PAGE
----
“The brand has really taken off, I’ve been able to donate almost $2,000 to the Canadian Mental Health Association (CMHA),” Attrill stated.

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“Then we ran a special shirt design one month for the Yellow Ribbon Suicide Prevention Program and we were able to raise hundreds of dollars for their program during suicide awareness/prevention month, and now we’re in my favourite month: Movember,” he said.

Attrill said he plans to go all out this year with a personal goal of raising $1,000 for the Movember campaign.

“I’m just a small town Alberta boy trying to change the face of mental health.”

Lethbridge College is still putting on its Muscles for Movember campaign.

In past years, organizers would have students lift weights with a bench press in the centre core area of the college. Tanner Marcer, events and communications coordinator with Lethbridge College, said the event would not help participants to think about getting physically active, but also active in getting themselves checked.

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Students, faculty and friends of the college are being encouraged to do push ups at a rate of $1 per 10 push ups.

Videos are being accepted at lcsa@lethbridgecollege.ca, or through its social media channels on Facebook @MYLCSA and Instagram: @lc_sa.

READ MORE: Global mental health crisis looming due to coronavirus pandemic, UN warns

According to Marcer, the institution has been organizing annual fundraising events for the Movember campaign for more than a decade now.

“In the last couple of years you’d get to see a lot of students rocking mustaches down the hall and you’d get to know instantly who is involved in it and start a conversation right away.”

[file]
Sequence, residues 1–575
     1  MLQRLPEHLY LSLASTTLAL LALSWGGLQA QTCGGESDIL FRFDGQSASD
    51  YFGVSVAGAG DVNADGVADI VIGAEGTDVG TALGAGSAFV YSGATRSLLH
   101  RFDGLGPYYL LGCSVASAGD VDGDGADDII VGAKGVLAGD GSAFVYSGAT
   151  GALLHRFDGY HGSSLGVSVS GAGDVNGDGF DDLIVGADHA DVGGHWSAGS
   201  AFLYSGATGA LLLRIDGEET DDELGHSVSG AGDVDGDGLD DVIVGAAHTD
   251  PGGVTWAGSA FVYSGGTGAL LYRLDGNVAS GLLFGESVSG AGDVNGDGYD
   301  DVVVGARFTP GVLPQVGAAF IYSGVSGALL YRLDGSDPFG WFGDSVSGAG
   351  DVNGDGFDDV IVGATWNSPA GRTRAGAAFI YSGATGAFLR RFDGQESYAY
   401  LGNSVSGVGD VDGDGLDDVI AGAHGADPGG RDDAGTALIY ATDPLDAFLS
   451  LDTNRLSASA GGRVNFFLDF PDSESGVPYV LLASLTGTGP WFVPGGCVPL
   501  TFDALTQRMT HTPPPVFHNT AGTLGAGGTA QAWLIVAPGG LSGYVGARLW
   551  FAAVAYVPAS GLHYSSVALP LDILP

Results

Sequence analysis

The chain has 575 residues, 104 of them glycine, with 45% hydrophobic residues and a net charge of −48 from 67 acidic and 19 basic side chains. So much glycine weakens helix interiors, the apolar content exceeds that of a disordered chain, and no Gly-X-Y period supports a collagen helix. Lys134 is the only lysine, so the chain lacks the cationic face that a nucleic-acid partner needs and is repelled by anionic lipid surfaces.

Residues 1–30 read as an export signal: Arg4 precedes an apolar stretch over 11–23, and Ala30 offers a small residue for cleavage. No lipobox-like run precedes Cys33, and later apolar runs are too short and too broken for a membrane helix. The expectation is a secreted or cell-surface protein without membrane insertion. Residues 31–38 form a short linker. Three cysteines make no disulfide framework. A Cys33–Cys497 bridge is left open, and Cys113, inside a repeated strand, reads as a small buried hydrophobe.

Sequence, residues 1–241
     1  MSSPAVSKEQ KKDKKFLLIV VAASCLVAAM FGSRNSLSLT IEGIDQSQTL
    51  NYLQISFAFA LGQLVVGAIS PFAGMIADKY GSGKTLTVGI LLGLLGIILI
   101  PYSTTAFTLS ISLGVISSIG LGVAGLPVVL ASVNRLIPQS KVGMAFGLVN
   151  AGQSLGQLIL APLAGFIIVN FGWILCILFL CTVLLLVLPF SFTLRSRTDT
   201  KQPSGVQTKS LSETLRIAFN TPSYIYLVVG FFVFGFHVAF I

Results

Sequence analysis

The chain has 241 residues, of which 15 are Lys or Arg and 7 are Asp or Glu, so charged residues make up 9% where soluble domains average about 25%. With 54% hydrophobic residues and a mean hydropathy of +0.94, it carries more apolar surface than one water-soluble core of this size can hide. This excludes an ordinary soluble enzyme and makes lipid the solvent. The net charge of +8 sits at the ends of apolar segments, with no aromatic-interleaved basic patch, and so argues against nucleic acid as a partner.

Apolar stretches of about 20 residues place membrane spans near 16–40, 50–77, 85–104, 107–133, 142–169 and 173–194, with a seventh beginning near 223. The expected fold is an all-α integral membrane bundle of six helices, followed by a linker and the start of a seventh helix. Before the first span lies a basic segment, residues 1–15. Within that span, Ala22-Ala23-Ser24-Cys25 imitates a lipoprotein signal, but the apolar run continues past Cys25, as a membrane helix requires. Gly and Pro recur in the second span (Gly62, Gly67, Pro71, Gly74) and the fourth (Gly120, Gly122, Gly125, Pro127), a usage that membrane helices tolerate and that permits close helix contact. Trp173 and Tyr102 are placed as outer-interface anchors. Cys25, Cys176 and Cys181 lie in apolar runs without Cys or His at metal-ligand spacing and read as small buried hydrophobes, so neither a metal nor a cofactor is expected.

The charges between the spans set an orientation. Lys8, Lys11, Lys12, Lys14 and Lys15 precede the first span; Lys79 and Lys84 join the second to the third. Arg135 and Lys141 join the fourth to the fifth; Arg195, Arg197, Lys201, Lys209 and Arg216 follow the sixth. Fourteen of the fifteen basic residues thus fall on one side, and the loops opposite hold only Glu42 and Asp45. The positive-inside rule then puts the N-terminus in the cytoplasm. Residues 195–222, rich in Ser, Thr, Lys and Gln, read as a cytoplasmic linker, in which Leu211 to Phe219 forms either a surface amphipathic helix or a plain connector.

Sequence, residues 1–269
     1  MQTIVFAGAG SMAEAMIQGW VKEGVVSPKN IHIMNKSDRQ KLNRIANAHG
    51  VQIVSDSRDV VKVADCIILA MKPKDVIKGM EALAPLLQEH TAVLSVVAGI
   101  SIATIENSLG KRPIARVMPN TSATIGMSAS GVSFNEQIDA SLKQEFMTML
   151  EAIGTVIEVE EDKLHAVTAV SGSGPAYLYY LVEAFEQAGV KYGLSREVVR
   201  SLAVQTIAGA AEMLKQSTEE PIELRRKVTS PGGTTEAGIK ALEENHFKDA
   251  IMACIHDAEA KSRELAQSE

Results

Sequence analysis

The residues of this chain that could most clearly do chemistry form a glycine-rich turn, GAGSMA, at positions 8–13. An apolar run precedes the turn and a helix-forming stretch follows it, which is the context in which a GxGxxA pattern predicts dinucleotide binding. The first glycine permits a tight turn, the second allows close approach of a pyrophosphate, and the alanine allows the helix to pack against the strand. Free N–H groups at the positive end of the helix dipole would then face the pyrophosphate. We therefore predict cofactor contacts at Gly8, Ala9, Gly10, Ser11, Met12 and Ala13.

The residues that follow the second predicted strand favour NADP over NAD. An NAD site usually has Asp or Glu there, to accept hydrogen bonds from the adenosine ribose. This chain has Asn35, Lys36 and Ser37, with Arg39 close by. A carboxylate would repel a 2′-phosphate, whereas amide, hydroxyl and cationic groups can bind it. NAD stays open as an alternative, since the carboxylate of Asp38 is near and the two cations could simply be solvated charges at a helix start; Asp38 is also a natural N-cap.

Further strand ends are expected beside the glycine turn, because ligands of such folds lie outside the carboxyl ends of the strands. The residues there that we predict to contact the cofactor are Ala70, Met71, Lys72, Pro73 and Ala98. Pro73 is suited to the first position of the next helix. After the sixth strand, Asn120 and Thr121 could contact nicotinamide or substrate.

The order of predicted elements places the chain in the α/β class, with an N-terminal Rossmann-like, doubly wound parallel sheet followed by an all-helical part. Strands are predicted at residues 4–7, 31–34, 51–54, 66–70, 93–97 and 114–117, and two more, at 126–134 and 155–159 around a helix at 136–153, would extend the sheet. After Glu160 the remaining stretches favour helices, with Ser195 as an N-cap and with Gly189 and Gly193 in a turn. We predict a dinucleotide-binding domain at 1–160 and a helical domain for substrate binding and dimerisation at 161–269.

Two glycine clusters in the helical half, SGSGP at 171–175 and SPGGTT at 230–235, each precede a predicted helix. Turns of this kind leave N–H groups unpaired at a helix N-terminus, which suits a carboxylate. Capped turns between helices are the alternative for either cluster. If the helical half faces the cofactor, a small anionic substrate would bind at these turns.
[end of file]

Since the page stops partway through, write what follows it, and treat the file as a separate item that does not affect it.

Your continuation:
He says the college would normally do a couple of events, but this year its initiative has been completely focused online due to the pandemic.

“We may not be doing the grand things we do inside the centre core of our college, but we’re doing the push-up contest,” Marcer explained.

“People can send in their videos of them doing push ups and we’ll make a contribution,” he added.

A group from the faculty of Education at the university is growing moustaches and raising funds as well and they’re calling themselves the Faculty of Edumocation.

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The group set a goal of raising $7,500 and it’s already raised more than half of that amount.

“We really realize that health and wellness needs to be a discussion we engage with as professionals. It needs to be something we engage in as a society,” said Aaron Stout, instructor for the faculty of Education at the University of Lethbridge.

“Movember gives us a reason to stop and talk to the significant people in our life, to see how they’re doing, in a real meaningful way,” Stout said.

Stout says those people can be our fathers, brothers, husbands or friends, and they play numerous other important roles in our lives, which he says is all the more reason to make sure their health is being looked after, despite how difficult it may feel to have a discourse on the topic.

If you or someone you know is in crisis and needs help, resources are available. In case of an emergency, please call 911 for immediate help.

If you are in need of support, you can call the Health Link at 811 or the Mental Health Help Line at 1-877-303-2642, available 24 hours a day, seven days a week.

The Canadian Association for Suicide Prevention, Depression Hurts and Kids Help Phone 1-800-668-6868 all offer ways of getting help if you or someone you know may be suffering.